The two things I find most effective in keeping myself focused and on task are (1) physically writing down my schedule for the day ahead on a piece of paper and tacking that schedule within eyesight; (2) setting timers on my iPhone (via the clock function) requiring that I work for fifty five minutes uninterrupted, followed by a five minute break (which I also time) and (3) for any tasks which have deadlines, setting my own shorter deadlines (as I have a habit of using all of the time allotted no matter the deadline). By maintaining these practices and being disciplined in not reacting to distractions (primarily being incoming emails), it is surprising how much more work I find myself getting through. Structuring your day is essential.

Guilt is another interesting emotion which Pick Three picks up on. In addition to narrowing your day to just three key pursuits, Randi underlines that it is equally as important to cast your other to-dos from your mind and not feel that you are neglecting them when you are settling down to the next Pick. You have chosen to perform the current activity in advance, so give it your undivided attention and do not get sidetracked. If the particular task you have chosen is not as exciting as the activity which you have planned to follow, focusing on the less desirable activity now without distraction is a guaranteed way that you will conclude that task sooner than had you succumbed to distractions. For the entrepreneurs and careerists among you, realise that it is not essential to monetise every waking moment of your life. Keep non-work-related activities non-work-related and give them the attention they deserve.

Overall, the Pick Three idea is a simple and effective way to make time for each of the activities and aspirations on your list, in theory. However, from Randi’s own experiences and the experiences of individuals she cites who are similarly career or entrepreneurially-orientated, it appears to be difficult to actually put “Pick Three” into practice consistently, if at all.

For the majority of individuals, work tends to be more of a permanent fixture of the tripartite rather than an option capable of being benched in favour of a lie-in. It also has a habit of taking the lion’s share of the three Picks’ pieces of time-pie. Granted, if you are working on the genesis of a tech start-up (as Randi was with Facebook), it is inevitable that you will need to make compromises in pursuing your other outlets. Similarly, if you are pursuing a top career, the book would be more appropriately titled “You Get One: Work”. This is a given and Randi acknowledges this. The point is that, if it is not your intention for work to be the be-all-and-end-all and if you place equal value on your hobbies, health, family and social life, you should ensure that your work life is not eating into the amount of time you have for the other things that are important to you.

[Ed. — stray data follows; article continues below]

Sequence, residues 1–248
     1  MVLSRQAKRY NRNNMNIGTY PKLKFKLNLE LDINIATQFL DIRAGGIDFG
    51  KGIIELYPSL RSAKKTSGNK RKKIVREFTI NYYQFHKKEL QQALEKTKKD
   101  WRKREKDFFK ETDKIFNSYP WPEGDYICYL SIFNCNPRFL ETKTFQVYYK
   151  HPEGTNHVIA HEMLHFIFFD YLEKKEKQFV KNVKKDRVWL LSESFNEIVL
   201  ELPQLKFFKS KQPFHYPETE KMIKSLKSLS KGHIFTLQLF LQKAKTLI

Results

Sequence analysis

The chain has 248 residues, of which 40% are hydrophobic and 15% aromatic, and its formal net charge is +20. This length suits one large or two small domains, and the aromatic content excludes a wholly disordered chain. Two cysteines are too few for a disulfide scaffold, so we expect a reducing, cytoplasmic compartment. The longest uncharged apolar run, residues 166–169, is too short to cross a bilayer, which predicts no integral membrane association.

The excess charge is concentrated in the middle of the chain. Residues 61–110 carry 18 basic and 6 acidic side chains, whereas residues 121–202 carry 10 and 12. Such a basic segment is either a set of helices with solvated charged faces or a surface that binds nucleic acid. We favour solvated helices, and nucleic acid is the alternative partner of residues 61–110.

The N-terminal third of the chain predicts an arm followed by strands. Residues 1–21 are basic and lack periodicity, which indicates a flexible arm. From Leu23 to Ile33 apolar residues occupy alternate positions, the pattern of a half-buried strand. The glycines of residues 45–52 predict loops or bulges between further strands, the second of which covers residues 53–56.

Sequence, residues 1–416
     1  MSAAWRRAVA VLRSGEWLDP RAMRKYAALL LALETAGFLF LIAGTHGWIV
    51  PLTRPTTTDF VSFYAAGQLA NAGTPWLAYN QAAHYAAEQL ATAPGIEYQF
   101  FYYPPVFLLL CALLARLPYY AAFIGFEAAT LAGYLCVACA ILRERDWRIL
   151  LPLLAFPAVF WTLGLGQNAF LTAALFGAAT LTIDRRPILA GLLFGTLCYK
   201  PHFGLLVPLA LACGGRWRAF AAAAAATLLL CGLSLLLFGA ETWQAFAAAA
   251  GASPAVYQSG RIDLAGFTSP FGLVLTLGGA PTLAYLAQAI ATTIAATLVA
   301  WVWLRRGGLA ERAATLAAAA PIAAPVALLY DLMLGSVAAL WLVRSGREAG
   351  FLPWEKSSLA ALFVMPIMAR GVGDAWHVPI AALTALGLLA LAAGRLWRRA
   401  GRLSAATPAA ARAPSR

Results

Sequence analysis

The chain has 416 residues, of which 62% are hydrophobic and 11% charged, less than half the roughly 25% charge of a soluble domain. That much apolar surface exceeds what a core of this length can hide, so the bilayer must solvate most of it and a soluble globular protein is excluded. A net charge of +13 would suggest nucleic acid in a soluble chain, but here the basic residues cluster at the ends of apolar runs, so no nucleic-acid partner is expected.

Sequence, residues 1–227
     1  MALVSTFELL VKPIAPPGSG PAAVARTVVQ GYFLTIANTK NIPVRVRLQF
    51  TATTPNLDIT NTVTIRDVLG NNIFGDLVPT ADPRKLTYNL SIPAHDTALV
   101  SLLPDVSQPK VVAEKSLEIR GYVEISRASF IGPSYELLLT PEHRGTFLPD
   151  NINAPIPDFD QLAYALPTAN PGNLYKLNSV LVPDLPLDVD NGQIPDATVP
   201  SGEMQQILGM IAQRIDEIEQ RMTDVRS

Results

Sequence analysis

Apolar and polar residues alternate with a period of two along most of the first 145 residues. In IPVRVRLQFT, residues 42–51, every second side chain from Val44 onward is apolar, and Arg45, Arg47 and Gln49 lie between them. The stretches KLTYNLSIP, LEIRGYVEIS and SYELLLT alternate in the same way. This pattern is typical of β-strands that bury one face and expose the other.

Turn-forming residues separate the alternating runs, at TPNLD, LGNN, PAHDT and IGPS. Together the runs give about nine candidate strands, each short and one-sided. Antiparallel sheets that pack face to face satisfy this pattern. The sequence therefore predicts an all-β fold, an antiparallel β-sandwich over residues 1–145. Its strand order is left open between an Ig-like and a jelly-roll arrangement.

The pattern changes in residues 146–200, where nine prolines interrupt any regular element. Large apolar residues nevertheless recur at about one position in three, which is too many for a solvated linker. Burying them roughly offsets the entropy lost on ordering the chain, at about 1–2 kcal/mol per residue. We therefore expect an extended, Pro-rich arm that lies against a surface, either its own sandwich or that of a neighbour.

If you are finding that your work life is so all-consuming that you would not even be able to try the Pick Three method, perhaps now is the time to consider becoming a “work renovator”, as Randi puts it. There may be a less time-intensive alternative career right around the corner which could finally free up the time for you to pursue your side project idea, start a family and/or achieve your fitness goals.

One of the matters I disagree with Randi on is her inclusion of sleep within the options for picking three. After reading Matthew Walker’s book, Why We Sleep (the author of which Randi has interviewed and quotes within the book), it appears counterintuitive to suggest that sleep can be foregone on a regular basis if the aim of the book is to promote maximum productivity and performance in each area of your life. I appreciate that there are exceptions where sleep deprivation is unavoidable (new parents, medical staff etc.), but those who have the opportunity to obtain good sleep should not consider it optional and should try to prioritise it as non-negotiable. This sentiment appears to be shared by Arianna Huffington (founder of the Huffington Post) in Pick Three who in turn cites Jeff Bezos (CEO of Amazon) and Eric Schmidt (CEO of Google) as further advocates of obtaining a full eight hours’ sleep each night to “enhance your ability to do almost everything”. I note that Randi’s travel-intensive work schedule regularly requires her to forego sleep and disrupt her circadian rhythm regularly, but based on my reading of Why We Sleep, this is not a healthy or sustainable course of action to be following in the long run.

Update: I’ve now written an article setting out my top 5 tips for improving sleep quality and duration.

In summary, if you’re finding your work-life balance to be rather unbalanced at the moment and neglecting your to-do list (like me), I’d recommend picking up Pick Three for a no-nonsense and upbeat angle on how you can sort your life out. It’s a light read which you can likely polish off in a day or two from a modern author who understands the importance of prioritisation in a chaotic and distracting world. I’ve embedded links to the book on Amazon below.

Amazon USA

Amazon UK